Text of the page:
I have been very slow with this beer series. Apologies.
From St. Bernardus in the brewing city of Watou comes the strong St. Bernardus Christmas Ale. St. Bernardus basically invented the modern Belgian “abbey” beer when in 1946 they took over the commercial production of the beers of abbey St. Sixtus. That is the monastery that produces Westvleteren Trappist ales, what many consider to be the finest beer in the world. Since that time beer brewed inside the walls of the monastery is available only to those who visit the brewery in person (or submit themselves to grey-market thuggery). St. Bernardus got the recipes and the moxy and ran with it, becoming a wildly successful commercial brewery. Until 1992 they were even selling it under the name Sixtus. They have quite a legacy: it is interesting to see today the wide variety of Belgian beer claiming association with this or that abbey that hadn’t existed for centuries before the brewery began, cashing in on the whole Belgian beer thing.
The Christmas Ale is very hazy and a deep dark mahogany, almost chocolate. The head is creamy and sticky, a pillow of wheat. The aroma is light and fruity but also noticeably cidery. A note of perry aroma as well. A bit of brown malt and a light alcohol tinge come through as well.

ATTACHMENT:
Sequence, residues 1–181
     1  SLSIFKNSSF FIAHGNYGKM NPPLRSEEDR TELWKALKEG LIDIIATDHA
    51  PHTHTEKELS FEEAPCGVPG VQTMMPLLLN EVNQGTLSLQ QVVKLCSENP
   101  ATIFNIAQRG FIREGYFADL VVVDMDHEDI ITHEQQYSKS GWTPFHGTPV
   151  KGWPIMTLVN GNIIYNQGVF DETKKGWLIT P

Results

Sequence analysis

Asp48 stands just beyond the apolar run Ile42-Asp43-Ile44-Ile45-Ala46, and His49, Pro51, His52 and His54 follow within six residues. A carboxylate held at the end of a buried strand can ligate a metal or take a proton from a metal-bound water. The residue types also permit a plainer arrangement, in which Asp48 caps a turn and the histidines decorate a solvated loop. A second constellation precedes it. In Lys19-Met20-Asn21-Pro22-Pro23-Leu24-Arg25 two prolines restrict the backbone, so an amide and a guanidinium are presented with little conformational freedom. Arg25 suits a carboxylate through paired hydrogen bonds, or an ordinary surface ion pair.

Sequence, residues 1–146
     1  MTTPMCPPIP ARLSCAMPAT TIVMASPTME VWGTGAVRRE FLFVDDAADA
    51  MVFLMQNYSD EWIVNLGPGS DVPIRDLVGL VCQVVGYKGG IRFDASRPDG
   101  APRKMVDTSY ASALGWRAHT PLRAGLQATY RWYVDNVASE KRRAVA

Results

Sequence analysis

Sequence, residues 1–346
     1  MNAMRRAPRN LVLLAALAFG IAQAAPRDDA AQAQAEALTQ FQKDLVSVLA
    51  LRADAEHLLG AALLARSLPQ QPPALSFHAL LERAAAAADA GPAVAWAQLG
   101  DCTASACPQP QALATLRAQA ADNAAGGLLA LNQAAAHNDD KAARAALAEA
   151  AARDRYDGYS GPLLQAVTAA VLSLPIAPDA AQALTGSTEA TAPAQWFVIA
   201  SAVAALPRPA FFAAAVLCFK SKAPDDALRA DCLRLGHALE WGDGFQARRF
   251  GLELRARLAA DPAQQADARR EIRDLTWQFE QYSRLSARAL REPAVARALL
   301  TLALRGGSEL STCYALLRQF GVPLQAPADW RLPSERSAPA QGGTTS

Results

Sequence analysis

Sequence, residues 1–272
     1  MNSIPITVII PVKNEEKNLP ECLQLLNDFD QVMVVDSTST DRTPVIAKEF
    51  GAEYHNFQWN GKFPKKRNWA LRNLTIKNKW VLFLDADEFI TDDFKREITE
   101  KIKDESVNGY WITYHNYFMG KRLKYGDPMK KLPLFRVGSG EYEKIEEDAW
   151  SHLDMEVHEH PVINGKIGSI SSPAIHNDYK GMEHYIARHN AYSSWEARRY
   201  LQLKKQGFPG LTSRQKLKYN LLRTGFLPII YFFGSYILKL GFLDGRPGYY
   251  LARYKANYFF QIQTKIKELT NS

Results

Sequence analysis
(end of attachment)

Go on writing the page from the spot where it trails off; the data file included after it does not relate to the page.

The flavor is strongly alcoholic – present but not sharp or overpowering. There is an exotic fruit flavor of passion fruit and papaya. A mild cider flavor and dustiness intrigue me. There is just a hint of residual sweetness. After the fourth sip or so I start to detect an oak flavor. There is some character that is just not right: it is all interesting but some fusel alcohol is really turning me off. The palate is creamy and full, perhaps just a little too lingering. But you’ve gotta hand it to Belgian brewers; for a 10% beer this is really very smooth.
St. Bernardus Christmas Ale